“This award is fantastic recognition of Manchester: Knowledge Capital’s achievements over the past five years. The Manchester: Knowledge Capital partnership enables the city region to capitalise on its outstanding universities, the creativity of its people and its capacity for world-changing innovation. Through Innovation Manchester, we are continuing to build an even stronger future for the Manchester City Region.”
If conversation is key to innovation, then events like BarCamp play an important role in our Innovation Ecosystem.
Innovation Manchester members may be interested to know that on Saturday 7 and Sunday 8th November, a BarCamp will be held at the Contact Theatre.
BarCamp Manchester 2 is an open, free-to-attend, participatory 2-day unconference. Unconferences differ from normal conferences in that the schedule is created and filled by the attendees with everyone running a session or talk about whatever subject they have a passion for. From Cocktail Making to Programming for Beginners, from Arduino Hacking to Photography, BarCamps attract people from all sorts of backgrounds, each sharing their expertise and experiences.
BarCamp attendees come from all walks of life and ages 8-80; what they have in common is a passion for stimulating conversations and expanding their own knowledge. They love to give back to the community and a BarCamp is the perfect place to do this.
BarCamp attendees are not only the great thinkers of today, but the great thinkers of tomorrow. They are excited by the diversity of discussions and insights that are achieved in the intellectual melting pot that is BarCamp.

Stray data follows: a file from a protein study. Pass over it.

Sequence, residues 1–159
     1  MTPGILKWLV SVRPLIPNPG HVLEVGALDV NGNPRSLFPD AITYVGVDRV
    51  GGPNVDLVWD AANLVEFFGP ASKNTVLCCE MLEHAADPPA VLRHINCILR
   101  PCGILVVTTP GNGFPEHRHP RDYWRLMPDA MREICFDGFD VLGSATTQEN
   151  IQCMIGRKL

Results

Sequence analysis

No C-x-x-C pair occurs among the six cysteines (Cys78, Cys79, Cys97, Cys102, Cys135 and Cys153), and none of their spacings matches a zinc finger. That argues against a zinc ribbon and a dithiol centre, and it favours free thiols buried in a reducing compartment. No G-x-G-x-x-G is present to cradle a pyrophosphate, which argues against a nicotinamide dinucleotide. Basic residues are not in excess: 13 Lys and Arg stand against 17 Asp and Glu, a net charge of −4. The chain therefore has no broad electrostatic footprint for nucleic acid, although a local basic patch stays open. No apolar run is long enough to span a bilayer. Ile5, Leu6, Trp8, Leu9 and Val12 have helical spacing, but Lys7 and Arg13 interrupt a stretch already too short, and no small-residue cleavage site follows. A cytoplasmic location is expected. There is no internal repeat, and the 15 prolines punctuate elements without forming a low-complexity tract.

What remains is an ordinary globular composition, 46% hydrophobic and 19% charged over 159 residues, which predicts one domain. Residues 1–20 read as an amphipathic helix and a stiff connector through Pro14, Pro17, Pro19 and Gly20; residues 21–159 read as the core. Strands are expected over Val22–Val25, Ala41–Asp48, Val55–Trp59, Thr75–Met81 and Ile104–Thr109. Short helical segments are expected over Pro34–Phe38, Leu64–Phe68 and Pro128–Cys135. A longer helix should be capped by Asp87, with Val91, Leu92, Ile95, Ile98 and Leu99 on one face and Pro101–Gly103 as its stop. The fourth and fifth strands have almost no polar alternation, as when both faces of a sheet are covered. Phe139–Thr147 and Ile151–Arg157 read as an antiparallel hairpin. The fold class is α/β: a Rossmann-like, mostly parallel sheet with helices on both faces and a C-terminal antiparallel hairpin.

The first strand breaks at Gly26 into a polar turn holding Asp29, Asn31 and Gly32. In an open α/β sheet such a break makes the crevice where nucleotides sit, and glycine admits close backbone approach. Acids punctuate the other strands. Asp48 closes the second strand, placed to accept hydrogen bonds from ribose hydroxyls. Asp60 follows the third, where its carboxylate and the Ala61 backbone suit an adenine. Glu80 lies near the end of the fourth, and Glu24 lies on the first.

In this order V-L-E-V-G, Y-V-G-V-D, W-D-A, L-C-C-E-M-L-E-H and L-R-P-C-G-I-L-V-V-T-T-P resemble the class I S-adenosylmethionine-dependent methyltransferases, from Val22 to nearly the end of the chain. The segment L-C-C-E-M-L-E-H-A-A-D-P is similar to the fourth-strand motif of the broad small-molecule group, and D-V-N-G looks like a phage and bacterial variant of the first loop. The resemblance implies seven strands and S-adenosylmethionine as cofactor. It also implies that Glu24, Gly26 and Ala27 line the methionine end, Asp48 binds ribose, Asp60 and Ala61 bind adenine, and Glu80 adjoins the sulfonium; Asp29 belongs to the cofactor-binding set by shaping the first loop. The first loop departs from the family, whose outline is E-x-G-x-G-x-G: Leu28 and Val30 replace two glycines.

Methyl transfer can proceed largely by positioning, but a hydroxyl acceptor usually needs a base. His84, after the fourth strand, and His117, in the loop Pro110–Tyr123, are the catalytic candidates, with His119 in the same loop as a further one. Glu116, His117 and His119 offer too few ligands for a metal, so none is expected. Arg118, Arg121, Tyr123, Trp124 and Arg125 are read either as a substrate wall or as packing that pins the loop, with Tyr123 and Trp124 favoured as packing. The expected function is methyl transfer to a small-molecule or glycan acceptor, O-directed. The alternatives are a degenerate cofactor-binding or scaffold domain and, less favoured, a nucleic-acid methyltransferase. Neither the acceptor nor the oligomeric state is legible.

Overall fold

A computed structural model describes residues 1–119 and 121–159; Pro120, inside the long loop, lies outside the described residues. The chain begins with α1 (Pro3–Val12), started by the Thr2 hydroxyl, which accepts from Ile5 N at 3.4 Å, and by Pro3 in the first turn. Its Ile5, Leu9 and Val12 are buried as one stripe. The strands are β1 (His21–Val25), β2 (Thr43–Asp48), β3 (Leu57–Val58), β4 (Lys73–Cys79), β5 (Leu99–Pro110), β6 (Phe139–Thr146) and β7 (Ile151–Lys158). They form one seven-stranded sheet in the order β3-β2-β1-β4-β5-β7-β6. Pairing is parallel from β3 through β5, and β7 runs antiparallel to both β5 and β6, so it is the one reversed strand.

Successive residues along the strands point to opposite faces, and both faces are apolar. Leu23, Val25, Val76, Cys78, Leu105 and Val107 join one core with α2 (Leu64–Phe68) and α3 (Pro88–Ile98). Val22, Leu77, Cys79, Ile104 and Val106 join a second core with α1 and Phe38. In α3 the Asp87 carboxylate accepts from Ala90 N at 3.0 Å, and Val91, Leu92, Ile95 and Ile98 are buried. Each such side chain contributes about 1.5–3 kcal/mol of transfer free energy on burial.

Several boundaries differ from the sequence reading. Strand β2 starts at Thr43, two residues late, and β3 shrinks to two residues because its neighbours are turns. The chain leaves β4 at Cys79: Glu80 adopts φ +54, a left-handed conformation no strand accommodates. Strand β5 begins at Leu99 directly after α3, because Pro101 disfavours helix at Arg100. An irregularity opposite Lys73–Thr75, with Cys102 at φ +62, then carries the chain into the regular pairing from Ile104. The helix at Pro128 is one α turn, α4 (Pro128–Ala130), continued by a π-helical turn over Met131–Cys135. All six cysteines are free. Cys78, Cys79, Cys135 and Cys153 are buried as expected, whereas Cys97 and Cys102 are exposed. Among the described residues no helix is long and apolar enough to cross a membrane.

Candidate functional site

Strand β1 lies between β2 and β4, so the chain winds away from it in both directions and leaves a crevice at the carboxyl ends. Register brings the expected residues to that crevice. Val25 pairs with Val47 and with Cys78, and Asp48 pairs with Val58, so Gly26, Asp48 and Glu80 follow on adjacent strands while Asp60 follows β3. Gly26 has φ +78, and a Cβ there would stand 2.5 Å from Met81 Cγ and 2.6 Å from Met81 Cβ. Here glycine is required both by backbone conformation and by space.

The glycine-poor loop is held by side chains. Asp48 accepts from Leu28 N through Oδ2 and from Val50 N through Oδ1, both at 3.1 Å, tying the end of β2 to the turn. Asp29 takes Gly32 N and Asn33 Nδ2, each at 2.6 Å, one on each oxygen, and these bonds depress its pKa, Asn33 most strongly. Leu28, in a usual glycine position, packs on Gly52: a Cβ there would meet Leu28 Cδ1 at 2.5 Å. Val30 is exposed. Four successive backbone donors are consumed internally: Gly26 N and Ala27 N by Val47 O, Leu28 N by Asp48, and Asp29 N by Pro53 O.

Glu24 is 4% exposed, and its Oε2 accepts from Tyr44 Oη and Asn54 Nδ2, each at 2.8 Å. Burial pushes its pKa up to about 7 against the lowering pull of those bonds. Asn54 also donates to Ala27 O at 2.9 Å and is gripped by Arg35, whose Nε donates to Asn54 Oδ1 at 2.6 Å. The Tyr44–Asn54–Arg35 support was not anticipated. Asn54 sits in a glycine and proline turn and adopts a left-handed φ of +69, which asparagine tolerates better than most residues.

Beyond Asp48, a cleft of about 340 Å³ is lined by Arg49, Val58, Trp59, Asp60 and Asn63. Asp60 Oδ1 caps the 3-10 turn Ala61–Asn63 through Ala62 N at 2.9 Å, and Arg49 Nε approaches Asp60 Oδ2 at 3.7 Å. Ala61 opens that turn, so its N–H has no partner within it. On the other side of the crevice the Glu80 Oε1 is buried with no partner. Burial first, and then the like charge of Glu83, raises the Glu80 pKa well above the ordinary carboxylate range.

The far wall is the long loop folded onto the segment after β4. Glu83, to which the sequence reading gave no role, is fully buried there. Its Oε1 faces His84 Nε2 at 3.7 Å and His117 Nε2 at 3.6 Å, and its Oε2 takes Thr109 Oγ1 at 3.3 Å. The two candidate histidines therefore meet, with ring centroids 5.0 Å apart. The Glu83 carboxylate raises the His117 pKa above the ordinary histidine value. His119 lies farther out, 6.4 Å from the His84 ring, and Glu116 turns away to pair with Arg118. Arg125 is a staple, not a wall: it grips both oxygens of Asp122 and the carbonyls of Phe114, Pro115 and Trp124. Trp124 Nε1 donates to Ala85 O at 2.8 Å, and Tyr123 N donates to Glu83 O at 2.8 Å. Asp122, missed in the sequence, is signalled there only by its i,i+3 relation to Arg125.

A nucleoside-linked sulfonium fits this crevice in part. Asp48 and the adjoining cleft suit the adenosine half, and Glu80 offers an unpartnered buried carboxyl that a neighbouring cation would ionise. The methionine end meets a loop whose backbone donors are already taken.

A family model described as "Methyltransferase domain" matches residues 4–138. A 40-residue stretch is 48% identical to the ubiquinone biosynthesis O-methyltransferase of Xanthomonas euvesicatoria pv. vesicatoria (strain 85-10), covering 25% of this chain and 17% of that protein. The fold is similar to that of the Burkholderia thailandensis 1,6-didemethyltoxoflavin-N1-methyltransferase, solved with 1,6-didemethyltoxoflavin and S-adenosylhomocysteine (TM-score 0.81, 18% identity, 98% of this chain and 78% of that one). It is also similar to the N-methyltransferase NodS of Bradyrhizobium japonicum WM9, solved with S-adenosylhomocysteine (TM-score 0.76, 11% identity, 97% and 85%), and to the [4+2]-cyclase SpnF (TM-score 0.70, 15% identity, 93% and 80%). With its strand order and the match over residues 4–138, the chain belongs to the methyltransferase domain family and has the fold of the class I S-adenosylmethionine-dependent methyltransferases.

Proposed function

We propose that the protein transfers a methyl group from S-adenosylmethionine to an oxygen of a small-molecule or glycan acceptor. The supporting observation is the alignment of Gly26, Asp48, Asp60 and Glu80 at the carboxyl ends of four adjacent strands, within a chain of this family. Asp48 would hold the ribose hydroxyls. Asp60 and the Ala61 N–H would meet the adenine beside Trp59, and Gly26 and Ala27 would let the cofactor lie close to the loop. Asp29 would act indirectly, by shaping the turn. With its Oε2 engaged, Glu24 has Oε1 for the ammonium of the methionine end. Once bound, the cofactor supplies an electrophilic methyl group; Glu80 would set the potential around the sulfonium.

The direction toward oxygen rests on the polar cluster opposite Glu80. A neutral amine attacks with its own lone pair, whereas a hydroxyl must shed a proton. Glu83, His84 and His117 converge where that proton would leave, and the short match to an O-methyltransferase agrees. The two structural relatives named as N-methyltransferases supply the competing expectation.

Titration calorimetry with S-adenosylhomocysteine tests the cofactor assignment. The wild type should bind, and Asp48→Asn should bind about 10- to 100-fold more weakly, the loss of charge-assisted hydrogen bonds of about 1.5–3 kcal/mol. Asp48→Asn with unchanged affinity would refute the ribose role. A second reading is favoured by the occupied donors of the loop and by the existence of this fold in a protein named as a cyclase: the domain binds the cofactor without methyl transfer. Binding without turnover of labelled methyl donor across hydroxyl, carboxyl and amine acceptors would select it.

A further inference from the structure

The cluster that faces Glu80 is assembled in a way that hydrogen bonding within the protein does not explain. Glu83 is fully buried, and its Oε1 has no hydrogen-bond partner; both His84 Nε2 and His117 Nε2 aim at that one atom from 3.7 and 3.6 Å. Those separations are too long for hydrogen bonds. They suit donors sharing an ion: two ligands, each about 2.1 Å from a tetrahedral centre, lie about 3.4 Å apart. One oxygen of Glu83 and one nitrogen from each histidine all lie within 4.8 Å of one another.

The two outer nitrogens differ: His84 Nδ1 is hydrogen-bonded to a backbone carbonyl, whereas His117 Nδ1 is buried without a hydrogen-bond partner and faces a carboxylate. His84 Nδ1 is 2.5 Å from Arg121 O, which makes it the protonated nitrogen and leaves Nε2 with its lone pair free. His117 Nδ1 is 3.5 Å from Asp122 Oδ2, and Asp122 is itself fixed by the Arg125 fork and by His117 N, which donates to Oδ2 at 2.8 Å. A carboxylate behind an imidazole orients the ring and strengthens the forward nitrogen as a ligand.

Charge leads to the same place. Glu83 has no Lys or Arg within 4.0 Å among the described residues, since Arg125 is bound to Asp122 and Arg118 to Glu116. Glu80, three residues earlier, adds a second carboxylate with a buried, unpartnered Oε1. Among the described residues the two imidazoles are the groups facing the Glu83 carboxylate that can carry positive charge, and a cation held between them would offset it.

Additionally, if you know anyone who might like to sponsor the event, you can get in touch with the organisers through us here at Innovation Manchester. Sponsorship options range from £100 upwards, or provision of food, drinks, t-shirts etc. Options are very flexible!
Thanks for reading – please feel free to add to this discussion and tell us what you would talk about, or like to hear at an Unconference. Please feed back your experience (& photo’s) of the event, or even better, your talk there! Enjoy!
An exciting and varied debate about the future, at the Manchester CoMixed discussion.
A series of provocations on the scientific challenges of our time including Climate Change, Digital Economy, Ageing, Food Security and Nanotechnology. Thoughts are remixed into a cooperative production by the Manchester Beacon’s network of people, places and knowledge.
- Warren Bramley (Creative Director at Four23)
- Dr. Martyn Amos (Principle Investigator on Nano-Info-Bio, Manchester Metropolitan University)
- Professor Remco Polman (Director of Centre for Applied Sport and Exercise Sciences, Principal Investigator Medical Research Council Lifelong Health and Wellbeing Grant)
- Professor Callum Thomas (Professor of Sustainable Aviation, Centre for Air Transport and the Environment, OMEGA, Manchester Metropolitan University
- Professor John Whittle (Professor of Software Engineering, Lancaster Business School)
- Kate Bailey (Senior Research Associate, Cardiff Business School)
John Whittle is currently talking about a vision of the future where we can see into peoples minds, and understand what makes them tick. A previous ‘twitter sceptic’, John now sees twitter as an early indicator of future technology that will increase mutual understanding and relationships in society.
My favourite quote so far is from Martin Amos, and his assertion that “Bio-Hacking already happens in people’s kitchens”.
Sent from my BlackBerry Wireless Handheld